By Adrienne Boudreau:
The reconsideration is due to the aftermath following the last public meeting regarding the Scajaquada redesign where the bulk of people were not pleased with the proposed plan.
“People were saying that it was too fast [with a speed limit of 40 mph] and still too divided and there was a general concern about pedestrian safety,” said Ryan.
“Truth be told the DOT never even modeled or studied the 30mph speed limit and what its implications would be, so we’e going to try that now,” he said.
Amidst the cold and the rain, Assemblyman Ryan made the announcement on the Lincoln Parkway bike path, his voice struggling to compete with the noise of the cars and trucks whizzing by behind him on the very expressway being discussed.
“You’ve got to tell the DOT exactly what we want and need. We want interconnectivity between the neighborhoods and Buffalo State. The whole fear behind changing this mistake [resulting in] ‘carmageddon’ is not real, it’s an urban legend,” said Paul Gorski of the Pan-Amherst Block Club.
Gorski spoke passionately at the last public meeting at Buffalo State that the current design was not extreme enough of a change to rectify this mistake made decades ago.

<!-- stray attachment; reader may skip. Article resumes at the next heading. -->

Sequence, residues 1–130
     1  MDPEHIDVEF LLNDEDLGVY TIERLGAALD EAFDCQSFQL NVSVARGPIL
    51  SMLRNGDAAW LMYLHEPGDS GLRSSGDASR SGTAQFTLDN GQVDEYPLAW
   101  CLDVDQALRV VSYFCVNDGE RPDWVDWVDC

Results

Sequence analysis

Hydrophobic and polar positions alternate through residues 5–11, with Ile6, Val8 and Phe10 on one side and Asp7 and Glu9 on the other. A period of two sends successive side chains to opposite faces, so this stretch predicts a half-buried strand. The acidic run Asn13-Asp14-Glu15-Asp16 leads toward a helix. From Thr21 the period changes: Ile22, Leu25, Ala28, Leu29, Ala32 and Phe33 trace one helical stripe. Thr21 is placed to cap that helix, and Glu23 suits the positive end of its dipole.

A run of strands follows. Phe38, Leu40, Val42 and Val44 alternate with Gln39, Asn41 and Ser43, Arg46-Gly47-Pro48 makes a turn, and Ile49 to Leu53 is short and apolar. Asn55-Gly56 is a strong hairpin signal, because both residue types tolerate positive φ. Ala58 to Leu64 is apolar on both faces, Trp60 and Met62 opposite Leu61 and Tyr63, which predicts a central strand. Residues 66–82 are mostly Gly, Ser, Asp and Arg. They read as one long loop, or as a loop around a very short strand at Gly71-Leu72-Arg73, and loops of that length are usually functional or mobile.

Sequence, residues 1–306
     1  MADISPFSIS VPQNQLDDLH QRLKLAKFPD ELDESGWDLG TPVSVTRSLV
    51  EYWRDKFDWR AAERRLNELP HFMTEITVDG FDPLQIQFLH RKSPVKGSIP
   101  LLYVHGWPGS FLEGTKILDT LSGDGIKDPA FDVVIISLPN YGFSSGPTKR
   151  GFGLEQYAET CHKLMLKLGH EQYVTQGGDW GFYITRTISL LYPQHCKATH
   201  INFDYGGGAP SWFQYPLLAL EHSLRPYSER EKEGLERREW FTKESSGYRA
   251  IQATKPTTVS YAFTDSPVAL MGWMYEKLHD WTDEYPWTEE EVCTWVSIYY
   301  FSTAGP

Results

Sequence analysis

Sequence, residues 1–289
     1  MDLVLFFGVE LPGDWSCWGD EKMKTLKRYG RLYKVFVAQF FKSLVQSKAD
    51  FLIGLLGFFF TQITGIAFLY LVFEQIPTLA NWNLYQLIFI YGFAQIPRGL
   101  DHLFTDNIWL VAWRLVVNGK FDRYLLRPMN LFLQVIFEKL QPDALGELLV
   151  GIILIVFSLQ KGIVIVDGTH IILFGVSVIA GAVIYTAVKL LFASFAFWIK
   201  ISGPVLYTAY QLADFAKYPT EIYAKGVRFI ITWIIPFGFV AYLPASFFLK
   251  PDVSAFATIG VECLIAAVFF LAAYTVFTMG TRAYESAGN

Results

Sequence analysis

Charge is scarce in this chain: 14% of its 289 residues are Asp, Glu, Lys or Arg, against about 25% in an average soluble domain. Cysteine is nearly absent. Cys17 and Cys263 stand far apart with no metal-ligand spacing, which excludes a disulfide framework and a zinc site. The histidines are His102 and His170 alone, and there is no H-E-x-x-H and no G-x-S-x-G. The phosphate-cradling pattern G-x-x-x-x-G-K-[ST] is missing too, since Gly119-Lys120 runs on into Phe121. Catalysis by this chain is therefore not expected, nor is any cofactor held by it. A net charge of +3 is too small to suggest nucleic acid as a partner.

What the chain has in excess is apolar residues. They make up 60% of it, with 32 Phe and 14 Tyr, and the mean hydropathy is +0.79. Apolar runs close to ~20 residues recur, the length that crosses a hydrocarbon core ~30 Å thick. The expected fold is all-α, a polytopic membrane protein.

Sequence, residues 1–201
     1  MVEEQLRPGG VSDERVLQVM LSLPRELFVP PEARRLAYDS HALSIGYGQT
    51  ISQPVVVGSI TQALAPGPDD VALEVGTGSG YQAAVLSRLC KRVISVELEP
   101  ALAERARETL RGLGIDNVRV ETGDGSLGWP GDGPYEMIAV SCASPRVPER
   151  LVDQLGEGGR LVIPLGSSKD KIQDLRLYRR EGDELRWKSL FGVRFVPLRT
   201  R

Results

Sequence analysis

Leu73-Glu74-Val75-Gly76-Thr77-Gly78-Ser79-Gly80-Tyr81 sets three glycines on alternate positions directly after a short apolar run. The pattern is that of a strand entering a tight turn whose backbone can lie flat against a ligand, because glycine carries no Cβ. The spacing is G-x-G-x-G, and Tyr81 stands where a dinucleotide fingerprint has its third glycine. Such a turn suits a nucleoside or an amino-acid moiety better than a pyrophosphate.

Mistake was the word of the day. Everyone could agree that the building of the expressway, through one of Buffalo’s most beloved neighborhoods, to connect the I-90 with the I-190, was a mistake. The word ‘mistake’ was uttered by each speaker at least twice, in case there was any doubt of their intentions with the 198.
“Cities across the nation and world are removing expressways and it’s working. When you build quality of life you attract businesses,” said Justin Booth, Executive Director of GObike Buffalo, who has been working with the other stakeholders to find a solution to the mistake the public can get behind.
Ryan also pointed out that the car traffic being put back on streets like Hertel Avenue or Amherst Street could give life back to those streets and revitalize the surrounding businesses.
Assemblyman Ryan concluded that feedback from the public is the best way to keep the project on track.
The next public meeting is tentatively scheduled for May, depending on if the study is completed by then.